Immunodeficiencies are no longer considered rare conditions. Although susceptibility to infections has become well-recognized as a sign of most primary immunodeficiencies, some children will present with noninfectious manifestations that remain underappreciated and warrant evaluation by an immunologic specialist. Providers must also consider common secondary causes of immunodeficiency in children.

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Immunodeficiency disorders represent defects in the immune system that result in weakened or dysregulated immune defense. These deficiencies may occur as primary diseases or secondary conditions. This article reviews primary and secondary immunodeficiencies, with particular emphasis on the evaluation and management of children with primary immunodeficiencies (PIDs).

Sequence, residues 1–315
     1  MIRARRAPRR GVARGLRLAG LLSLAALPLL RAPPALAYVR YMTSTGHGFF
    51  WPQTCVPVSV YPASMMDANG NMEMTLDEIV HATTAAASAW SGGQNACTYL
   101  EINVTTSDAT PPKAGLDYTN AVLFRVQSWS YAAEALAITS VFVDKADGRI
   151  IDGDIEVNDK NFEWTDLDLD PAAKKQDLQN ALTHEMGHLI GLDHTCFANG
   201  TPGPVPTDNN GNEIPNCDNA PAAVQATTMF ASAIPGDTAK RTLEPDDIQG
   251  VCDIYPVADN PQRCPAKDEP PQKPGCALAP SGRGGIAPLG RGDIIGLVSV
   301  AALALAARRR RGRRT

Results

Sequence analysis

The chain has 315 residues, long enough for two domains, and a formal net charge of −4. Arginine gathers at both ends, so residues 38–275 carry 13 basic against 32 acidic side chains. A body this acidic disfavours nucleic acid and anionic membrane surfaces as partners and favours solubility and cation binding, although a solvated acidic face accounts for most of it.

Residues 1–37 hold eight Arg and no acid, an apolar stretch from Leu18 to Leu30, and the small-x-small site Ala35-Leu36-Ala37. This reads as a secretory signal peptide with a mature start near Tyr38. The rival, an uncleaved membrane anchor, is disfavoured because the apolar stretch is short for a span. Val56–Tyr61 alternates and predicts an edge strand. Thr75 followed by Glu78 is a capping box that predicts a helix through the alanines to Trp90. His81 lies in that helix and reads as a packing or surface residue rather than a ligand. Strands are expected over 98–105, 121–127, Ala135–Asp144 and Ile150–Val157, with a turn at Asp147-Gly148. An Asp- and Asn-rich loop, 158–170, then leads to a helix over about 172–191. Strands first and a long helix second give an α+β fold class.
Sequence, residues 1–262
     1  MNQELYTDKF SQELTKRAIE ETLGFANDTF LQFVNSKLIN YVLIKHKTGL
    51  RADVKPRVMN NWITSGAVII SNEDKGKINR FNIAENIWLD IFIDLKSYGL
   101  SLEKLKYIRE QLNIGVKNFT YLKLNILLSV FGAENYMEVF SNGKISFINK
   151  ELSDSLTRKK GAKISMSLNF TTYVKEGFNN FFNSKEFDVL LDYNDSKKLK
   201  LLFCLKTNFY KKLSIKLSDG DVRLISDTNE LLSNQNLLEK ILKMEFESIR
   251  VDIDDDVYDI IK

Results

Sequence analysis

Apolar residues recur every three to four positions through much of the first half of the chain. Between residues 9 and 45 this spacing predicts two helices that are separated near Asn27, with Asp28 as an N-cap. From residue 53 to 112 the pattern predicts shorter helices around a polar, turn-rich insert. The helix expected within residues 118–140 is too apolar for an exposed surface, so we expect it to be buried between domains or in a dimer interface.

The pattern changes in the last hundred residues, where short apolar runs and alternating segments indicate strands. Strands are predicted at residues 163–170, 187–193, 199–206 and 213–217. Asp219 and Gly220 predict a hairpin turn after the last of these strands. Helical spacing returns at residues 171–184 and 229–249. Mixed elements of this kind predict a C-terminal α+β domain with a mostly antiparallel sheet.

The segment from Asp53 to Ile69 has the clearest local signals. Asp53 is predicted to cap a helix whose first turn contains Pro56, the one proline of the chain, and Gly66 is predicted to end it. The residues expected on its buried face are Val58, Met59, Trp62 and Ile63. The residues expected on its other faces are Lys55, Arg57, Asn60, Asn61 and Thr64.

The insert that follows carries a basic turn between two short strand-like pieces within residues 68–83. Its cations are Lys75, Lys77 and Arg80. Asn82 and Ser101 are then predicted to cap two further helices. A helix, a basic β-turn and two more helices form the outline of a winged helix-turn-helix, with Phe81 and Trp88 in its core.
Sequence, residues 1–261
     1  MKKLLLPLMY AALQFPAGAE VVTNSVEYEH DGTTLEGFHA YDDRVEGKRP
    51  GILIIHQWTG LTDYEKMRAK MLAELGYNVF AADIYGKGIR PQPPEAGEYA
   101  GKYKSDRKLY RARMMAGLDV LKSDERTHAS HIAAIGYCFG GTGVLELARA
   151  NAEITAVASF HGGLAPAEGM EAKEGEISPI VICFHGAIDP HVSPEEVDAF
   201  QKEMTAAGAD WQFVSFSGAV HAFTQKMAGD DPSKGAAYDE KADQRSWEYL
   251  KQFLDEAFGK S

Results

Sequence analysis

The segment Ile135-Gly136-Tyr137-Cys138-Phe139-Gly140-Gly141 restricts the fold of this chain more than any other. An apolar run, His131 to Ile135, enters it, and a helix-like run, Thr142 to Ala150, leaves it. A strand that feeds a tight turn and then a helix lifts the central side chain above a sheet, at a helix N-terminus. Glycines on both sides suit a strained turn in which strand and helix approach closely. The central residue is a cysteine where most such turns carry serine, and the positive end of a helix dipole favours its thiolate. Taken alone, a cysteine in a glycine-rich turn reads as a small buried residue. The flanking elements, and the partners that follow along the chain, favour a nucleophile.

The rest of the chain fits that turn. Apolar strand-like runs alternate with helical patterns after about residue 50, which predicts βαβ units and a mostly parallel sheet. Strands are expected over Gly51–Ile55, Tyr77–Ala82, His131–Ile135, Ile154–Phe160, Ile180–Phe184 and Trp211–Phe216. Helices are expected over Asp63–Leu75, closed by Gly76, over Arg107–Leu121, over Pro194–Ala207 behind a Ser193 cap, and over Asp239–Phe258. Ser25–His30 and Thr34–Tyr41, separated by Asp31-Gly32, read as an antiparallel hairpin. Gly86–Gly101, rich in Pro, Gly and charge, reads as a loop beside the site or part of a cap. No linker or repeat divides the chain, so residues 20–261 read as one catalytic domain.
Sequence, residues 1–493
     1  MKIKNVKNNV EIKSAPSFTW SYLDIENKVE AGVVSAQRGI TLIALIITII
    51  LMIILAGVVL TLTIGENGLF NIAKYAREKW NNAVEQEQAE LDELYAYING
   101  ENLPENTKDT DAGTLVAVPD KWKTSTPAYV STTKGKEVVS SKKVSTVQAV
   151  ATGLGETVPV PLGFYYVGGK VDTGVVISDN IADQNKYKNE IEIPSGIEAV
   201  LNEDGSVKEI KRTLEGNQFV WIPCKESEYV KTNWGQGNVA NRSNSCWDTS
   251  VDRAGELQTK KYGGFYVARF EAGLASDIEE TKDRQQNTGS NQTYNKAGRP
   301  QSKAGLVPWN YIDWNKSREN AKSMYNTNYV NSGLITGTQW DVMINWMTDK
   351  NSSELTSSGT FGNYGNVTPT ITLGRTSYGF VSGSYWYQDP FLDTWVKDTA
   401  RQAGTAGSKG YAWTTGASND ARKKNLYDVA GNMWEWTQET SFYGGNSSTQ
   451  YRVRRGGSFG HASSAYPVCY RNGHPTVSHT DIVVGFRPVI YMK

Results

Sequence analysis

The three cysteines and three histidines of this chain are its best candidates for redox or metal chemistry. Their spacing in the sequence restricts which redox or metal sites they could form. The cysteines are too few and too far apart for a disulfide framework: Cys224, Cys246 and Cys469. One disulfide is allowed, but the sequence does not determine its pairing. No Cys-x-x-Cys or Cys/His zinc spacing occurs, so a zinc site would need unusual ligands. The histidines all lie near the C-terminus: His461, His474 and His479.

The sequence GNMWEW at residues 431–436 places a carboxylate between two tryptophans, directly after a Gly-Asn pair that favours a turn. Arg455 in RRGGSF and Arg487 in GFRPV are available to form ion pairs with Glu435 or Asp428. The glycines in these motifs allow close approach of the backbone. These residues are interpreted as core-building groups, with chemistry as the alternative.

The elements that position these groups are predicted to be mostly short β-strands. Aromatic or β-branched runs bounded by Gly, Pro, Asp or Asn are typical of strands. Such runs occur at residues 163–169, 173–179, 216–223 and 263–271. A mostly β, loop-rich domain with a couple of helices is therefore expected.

PIDs constitute inherent defects in immunity, most of which arise from inborn deviations in the genetic code. More than 300 PIDs have been identified. These conditions have been placed into 9 categories corresponding with their clinical and immunologic phenotypes by an international group of experts...

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